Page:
10 December 2015
Everyone, regardless of their gender, should be able to work without the fear of getting insulted, threatened or bullied. And yet, for many women journalists today, receiving abusive comments online has become commonplace. There has been reports in the news of female correspondents getting physically abused while reporting on the ground. But what about the threats that crawl the internet?
The Australian website SheSaid published the story of Clementine Ford this week, carrying the striking headline “Stupid Slut”: The Rise Of Online Abuse Of Female Journalists. However shocking Ford’s ordeal may seem, it unfortunately resonates with many women journalists who went through a similar experience over the past few years.
The great conundrum in this debate is that technology advancement can be described as both the cause and the cure. How do media organisations deal with this issue? How can we create a safe online space for women journalists and hold perpetrators accountable?
This interview gathers the opinions of three women working in the journalism industry, or supporting those who do, in an attempt to bring valuable insights and share personal experiences on this issue.
Sidsel Wold is an award-winning journalist at the Norwegian National Broadcasting Company NRK. She is mainly known for her coverage of events in the Middle-East, including the Israeli-Palestinian conflict. Having suffered abuse online for many years, Wold shared with GEN her personal experience.
Elisa Lees Munoz is the Executive Director of the International Women’s Media Foundation (IWMF) based in Washington. Named Executive Director in 2013, Muñoz has over 20 years of experience in human rights, freedom of the press, and gender equality issues.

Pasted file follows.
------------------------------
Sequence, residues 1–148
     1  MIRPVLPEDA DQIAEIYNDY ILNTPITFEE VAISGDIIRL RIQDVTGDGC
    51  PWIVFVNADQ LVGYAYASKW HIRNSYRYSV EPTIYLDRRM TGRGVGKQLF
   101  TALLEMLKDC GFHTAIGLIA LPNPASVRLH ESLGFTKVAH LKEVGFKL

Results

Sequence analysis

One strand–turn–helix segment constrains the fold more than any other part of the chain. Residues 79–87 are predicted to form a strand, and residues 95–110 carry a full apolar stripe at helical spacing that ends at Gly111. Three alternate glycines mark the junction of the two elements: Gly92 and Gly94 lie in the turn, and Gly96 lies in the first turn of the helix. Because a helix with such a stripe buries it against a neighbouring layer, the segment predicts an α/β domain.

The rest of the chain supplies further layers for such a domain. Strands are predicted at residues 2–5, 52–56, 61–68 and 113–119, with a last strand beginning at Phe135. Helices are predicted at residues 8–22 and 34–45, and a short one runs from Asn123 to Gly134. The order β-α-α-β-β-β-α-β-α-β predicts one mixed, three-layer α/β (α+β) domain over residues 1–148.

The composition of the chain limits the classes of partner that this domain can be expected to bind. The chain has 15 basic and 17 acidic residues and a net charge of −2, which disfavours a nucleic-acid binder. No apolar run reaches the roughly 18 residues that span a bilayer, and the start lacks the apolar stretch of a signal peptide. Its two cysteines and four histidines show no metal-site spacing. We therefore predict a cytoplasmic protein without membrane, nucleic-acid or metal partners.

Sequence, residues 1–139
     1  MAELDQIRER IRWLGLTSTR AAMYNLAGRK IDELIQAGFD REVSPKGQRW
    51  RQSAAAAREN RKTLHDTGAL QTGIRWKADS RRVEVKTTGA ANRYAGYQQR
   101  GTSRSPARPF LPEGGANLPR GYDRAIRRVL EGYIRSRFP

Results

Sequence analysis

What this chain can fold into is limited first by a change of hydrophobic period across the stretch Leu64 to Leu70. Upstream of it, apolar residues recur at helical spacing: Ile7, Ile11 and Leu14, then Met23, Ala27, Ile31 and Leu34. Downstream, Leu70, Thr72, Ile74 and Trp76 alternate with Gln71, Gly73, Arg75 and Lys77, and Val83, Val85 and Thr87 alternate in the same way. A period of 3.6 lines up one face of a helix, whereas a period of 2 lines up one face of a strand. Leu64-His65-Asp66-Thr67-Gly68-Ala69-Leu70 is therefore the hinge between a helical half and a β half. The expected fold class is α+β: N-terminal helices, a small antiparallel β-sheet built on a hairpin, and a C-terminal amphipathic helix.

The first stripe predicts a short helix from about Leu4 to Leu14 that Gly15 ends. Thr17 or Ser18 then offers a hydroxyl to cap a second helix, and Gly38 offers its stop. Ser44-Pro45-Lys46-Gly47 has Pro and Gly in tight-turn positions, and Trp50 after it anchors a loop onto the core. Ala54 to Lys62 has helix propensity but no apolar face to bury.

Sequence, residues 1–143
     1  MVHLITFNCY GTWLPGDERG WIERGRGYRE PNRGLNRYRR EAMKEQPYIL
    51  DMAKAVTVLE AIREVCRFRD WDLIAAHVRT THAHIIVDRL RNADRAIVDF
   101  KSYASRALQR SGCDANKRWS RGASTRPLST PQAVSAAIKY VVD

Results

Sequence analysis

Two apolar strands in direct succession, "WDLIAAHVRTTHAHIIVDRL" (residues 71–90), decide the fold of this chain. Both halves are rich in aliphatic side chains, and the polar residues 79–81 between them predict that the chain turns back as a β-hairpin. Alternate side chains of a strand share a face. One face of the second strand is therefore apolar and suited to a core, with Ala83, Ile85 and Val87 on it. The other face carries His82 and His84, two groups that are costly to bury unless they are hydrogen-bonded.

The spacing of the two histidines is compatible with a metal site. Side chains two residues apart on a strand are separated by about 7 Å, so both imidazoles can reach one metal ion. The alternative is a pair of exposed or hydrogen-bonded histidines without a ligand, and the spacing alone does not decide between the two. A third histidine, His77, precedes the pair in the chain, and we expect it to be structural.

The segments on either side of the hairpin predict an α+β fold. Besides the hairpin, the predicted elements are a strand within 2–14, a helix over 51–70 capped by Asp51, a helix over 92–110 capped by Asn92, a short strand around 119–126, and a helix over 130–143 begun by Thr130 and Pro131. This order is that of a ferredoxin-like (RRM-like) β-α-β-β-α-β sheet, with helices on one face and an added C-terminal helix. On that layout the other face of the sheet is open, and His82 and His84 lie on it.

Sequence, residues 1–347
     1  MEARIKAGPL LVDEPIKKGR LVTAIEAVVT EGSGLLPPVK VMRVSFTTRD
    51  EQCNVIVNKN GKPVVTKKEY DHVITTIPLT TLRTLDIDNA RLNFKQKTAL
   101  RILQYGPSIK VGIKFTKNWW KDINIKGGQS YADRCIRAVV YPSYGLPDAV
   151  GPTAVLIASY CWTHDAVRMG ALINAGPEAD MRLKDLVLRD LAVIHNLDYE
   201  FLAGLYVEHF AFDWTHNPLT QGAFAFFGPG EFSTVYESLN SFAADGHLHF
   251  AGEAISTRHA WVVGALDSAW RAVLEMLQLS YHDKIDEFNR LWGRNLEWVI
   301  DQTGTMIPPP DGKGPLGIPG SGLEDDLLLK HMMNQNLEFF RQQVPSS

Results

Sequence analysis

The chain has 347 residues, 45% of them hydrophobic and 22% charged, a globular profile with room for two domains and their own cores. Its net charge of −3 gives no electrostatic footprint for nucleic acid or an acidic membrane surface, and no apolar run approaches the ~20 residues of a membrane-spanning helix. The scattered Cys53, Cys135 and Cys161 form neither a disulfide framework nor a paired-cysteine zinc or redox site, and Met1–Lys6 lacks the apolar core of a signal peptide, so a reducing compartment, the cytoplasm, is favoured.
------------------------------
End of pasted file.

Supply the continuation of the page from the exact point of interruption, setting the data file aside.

Helen Lewis is the Deputy Editor of the New Statesman, a British weekly political magazine. She is also the Deputy Chair of Women in Journalism (WIJ), which is a campaigning and networking organisation for women in journalism.
Sidsel Wold. Photograph by Anne Liv Ekroll, NRK
How do you relate to the issue of online harassment targeting women journalists? How important do you think this subject is today?
Sidsel Wold: In Norway, where gender equality is very visual --we have a female prime minister, a female defence minister, a female finance minister and a woman head of the secret service-- I think that some men feel that they are set back.
I think it’s easy to attack women because they are almost like a “soft target”. [Abusers] hide behind the screen because it is easy to sit at home and write whatever you want when there are no consequences.
Some of these women [who get abused] are disappearing from the debate. White female journalists who write columns and are visible in the public arena, especially women journalists who are commenting football on TV, get so much harassment [in my country].
Most of the harassment I get is because I cover the Israeli-Palestinian conflict and people get very upset about that, but my male colleagues don’t get the same level or the same kind of abuse.
I have never had to have a bodyguard and I have never received death threats, but other journalists from different countries had.